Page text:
Maritime Boundary Disputes and Article 298 of UNCLOS

A Safety Net of Peaceful Dispute Settlement Options

In: Asia-Pacific Journal of Ocean Law and Policy
Christine Sim Associate, Herbert Smith Freehills New York LLP, US,

Search for other papers by Christine Sim in
Current site
Google Scholar
Download Citation Get Permissions

Access options

Get access to the full article by using one of the access options below.

Institutional Login

Log in with Open Athens, Shibboleth, or your institutional credentials

Login via Institution


Buy instant access (PDF download and unlimited online access):


Maritime boundary disputes pose the most dangerous potential for conflict between States. Article 298 of UNCLOS was designed as a safety valve to allow exclusion of sensitive disputes arising out of contested maritime boundaries—but also to provide a safety net for peaceful resolution of all UNCLOS disputes. This paper offers views on four questions which remain unresolved. First, may States exclude obligations of restraint and cooperation under Articles 74(3) and 83(3) of UNCLOS from compulsory dispute settlement by an Article 298 declaration? Second, for submission to compulsory conciliation, what criteria should be used to decide if the dispute arose subsequent to the entry into force of UNCLOS? Third, does a court, arbitral tribunal or conciliation commission have jurisdiction to consider ‘mixed disputes’ involving land sovereignty or other rights? Fourth, what is the meaning of “shall, by mutual consent”—when conciliation fails to reach an agreement, are the parties bound to refer their dispute back to compulsory third party dispute settlement under section 2 of Part XV of UNCLOS?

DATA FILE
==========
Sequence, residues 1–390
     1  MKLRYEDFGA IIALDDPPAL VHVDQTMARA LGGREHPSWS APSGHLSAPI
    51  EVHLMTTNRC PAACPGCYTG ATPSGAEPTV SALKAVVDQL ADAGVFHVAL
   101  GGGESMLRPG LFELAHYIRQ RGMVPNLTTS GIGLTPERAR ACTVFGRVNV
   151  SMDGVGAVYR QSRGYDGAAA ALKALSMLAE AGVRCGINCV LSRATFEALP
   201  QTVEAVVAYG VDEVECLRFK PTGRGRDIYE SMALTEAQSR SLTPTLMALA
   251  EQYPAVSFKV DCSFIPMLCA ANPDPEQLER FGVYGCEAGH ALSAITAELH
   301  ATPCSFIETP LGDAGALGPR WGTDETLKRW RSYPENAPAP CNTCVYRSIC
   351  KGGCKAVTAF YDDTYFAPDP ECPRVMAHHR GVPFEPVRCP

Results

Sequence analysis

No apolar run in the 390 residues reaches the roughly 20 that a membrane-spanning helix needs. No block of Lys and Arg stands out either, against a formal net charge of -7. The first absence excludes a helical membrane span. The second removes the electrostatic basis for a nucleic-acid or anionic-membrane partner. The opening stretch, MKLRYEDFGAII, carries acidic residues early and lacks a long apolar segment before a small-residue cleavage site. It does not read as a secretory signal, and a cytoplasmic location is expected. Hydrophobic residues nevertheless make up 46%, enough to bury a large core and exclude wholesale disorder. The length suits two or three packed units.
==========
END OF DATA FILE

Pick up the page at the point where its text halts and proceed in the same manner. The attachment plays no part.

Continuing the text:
Content Metrics

All Time Past Year Past 30 Days
Abstract Views 3005 807 83
Full Text Views 236 35 1
PDF Views & Downloads 365 102 3